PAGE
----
The Amazing Action Anime of Director Sunghoo Park – This Week in Anime


Director Sunghoo Park‘s latest anime is a blood-soaked action spectacle that builds off years of stellar choreography and gripping fight sequences. Find out more about his work below.

Disclaimer: The views and opinions expressed by the participants in this chatlog are not the views of Anime News Network.

Terror in Resonance, Garo -Vanishing Line-, Jujutsu Kaisen Season One, and The God of High School stream on Crunchyroll. Ninja Kamui is airing on Adult Swim and streaming on Max.


Steve

Nick, please meet my beautiful wife and adorable son. They are the light of my life. My raison d’être. We live in a remote farmhouse. We grow corn. I play guitar. I have a beard. I love my beautiful wife and adorable son. I really hope they don’t get julienned by ninjas.


Nick

That’s really wonderful, Steve. I’m happy for you. By the way, I’m just asking, no reason, but how familiar are you with the John Wick tetralogy?

You know what? I might have a copy of that in the box I keep hidden in my drywall.

Alright, maybe we should at least tell people what we’re talking about before comparing its homework to Chad Stahelski‘s. In case you missed it among the unending deluge of anime, this is Ninja Kamui, the latest Toonami co-pro that, like many of its predecessors, wants to bring back the era of 90s anime.



I’m pretty sure that font just shows up on your computer after you watch Ninja Scroll.
Ninja Kamui is also the latest project from director/animator/big-fan-of-drawing-two-dudes-punching-each-other Sunghoo Park. He might not yet be as much of a household name as other anime directors, but he’s no small fry, either. Ninja Kamui has him striking out on his own with his new studio, E&H production, and this premiere is full of the scrappiness you’d expect from a bunch of artists with plenty of experience and something to prove.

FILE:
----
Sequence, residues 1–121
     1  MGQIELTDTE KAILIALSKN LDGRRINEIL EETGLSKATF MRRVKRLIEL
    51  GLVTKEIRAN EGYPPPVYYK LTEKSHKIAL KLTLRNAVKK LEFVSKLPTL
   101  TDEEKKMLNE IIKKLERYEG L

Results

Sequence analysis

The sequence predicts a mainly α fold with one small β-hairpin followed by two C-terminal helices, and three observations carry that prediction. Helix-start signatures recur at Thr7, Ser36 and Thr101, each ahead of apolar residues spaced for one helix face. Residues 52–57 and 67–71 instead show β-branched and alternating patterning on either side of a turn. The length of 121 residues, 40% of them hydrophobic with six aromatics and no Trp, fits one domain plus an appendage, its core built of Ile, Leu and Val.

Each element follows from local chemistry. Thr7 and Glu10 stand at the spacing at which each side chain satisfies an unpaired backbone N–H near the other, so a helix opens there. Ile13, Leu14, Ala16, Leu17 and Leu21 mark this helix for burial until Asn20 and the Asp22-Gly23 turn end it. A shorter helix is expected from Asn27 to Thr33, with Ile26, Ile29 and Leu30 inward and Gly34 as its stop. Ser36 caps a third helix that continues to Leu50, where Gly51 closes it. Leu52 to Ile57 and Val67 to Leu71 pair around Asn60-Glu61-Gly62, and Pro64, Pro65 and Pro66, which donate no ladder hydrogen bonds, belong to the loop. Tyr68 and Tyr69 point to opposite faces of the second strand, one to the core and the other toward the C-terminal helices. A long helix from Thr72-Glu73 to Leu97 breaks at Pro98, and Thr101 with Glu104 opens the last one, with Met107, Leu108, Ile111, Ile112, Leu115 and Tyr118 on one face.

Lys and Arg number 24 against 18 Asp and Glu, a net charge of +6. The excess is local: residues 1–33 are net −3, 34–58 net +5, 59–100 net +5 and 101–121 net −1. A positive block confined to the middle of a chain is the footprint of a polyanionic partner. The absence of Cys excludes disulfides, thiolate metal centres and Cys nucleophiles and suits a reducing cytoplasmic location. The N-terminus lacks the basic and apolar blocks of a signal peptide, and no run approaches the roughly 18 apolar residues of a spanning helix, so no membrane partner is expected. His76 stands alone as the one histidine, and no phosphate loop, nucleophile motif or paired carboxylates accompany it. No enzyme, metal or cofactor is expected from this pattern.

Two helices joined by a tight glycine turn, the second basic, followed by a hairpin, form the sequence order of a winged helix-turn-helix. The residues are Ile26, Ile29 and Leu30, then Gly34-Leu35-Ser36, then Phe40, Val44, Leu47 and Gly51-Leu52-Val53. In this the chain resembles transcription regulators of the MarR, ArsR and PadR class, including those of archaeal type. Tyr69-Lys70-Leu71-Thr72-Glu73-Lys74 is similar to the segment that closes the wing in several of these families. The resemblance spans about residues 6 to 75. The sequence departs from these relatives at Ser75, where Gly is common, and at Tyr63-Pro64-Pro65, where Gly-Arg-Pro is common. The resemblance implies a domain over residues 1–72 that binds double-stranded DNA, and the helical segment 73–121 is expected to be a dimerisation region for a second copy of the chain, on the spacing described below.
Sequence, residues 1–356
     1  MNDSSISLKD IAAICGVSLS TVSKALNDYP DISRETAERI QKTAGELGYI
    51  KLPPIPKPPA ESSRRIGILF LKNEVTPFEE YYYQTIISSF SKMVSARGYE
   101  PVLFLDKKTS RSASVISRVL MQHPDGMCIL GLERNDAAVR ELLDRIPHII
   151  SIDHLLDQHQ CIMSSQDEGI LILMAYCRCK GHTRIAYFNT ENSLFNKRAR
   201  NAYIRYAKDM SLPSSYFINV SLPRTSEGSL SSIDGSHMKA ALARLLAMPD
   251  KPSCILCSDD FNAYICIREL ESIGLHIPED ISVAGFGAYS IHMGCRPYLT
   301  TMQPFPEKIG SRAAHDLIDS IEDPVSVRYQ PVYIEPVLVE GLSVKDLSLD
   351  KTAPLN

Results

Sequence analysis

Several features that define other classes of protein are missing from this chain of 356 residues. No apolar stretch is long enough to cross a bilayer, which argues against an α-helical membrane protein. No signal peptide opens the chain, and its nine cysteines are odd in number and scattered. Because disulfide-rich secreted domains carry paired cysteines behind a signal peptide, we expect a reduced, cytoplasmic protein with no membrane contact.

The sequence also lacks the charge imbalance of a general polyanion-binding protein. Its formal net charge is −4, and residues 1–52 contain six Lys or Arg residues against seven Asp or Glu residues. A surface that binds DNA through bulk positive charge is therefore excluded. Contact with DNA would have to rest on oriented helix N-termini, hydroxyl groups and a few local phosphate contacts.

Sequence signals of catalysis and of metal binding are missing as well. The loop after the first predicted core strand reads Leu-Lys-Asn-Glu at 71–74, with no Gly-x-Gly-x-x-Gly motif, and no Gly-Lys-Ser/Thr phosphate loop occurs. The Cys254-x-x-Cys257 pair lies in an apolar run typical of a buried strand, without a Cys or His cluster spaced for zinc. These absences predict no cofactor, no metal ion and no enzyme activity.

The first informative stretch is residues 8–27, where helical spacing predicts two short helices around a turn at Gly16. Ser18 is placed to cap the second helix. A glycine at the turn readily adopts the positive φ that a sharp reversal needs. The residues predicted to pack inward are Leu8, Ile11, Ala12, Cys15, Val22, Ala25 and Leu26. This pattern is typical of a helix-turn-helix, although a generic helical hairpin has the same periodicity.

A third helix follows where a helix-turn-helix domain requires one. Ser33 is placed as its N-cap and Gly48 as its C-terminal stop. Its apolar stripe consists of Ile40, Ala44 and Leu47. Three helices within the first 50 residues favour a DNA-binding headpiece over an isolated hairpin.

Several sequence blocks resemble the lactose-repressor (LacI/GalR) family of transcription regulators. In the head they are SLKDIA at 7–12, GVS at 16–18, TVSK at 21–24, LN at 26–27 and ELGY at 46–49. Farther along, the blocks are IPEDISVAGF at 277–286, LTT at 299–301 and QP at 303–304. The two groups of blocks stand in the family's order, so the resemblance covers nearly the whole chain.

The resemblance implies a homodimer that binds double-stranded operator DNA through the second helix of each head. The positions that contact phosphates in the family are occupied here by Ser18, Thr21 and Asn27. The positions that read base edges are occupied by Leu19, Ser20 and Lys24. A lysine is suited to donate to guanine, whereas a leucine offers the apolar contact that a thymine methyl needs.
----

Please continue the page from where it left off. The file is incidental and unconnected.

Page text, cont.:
Park himself is a pretty unique creator. While he doesn’t have the stylistic eccentricities of some other directors we’ve spotlighted, he’s a name I’ve been following and happy to see for a while now. So, while I’m not thrilled by this show’s first episode or premise, I am rooting for the folks behind it. I’ll also be busy wiping all the blood off my TV screen cus got damn.

Park’s been in the industry for almost two decades, working his way up from in-betweener to key animator to animation director, storyboarder, lead director, and now studio founder. There’s a hell of a lot we could dig into, but the lion’s share of his development that most people would be familiar with happened at MAPPA. I didn’t even know this before researching for this column, but it’s presumed that he did many of the most memorable cuts from Terror in Resonance.

Oh, I can absolutely see it, and even after ten years separated from that show, I can think of exactly which cut he handled. I said Park doesn’t have the stylistic obsessions of some other directors, but one thing is certain: the man loves motorcycles.





Motorcycles and fisticuffs. Though I don’t believe he’s picky about the “fist” part. Other weapons are fine, too.





You know what they say: when all you have is a hammer, every problem looks like it can be solved with extremely dynamic violence!

If he has a calling card, either as an animator or director, it’s exceptionally dynamic violence. Over the years, he’s honed a cinematic style that often employs erratic camera movement, consideration of three-dimensional space, kinetic smears, and just a hell of a lot of weight infused in each blow.

It rules. It’s the kind of approach that’s hard to sum up in words – and even harder to screencap – but you can tell when he’s behind a particular sequence. The movement has a timing and energy that almost feels like you’re on a rollercoaster. It’s at its roughest and most unrestrained in his directorial debut, Garo -Vanishing Line-. Even from that show’s first episode, there’s something special to every action scene.

We had a snow day over here today, and like any normal person, I decided to watch all of Vanishing Line from start to finish. That’s still gotta be one of the most confident premieres of the past decade. It’s just oozing with zest for its ultraviolent skull-filled spectacle.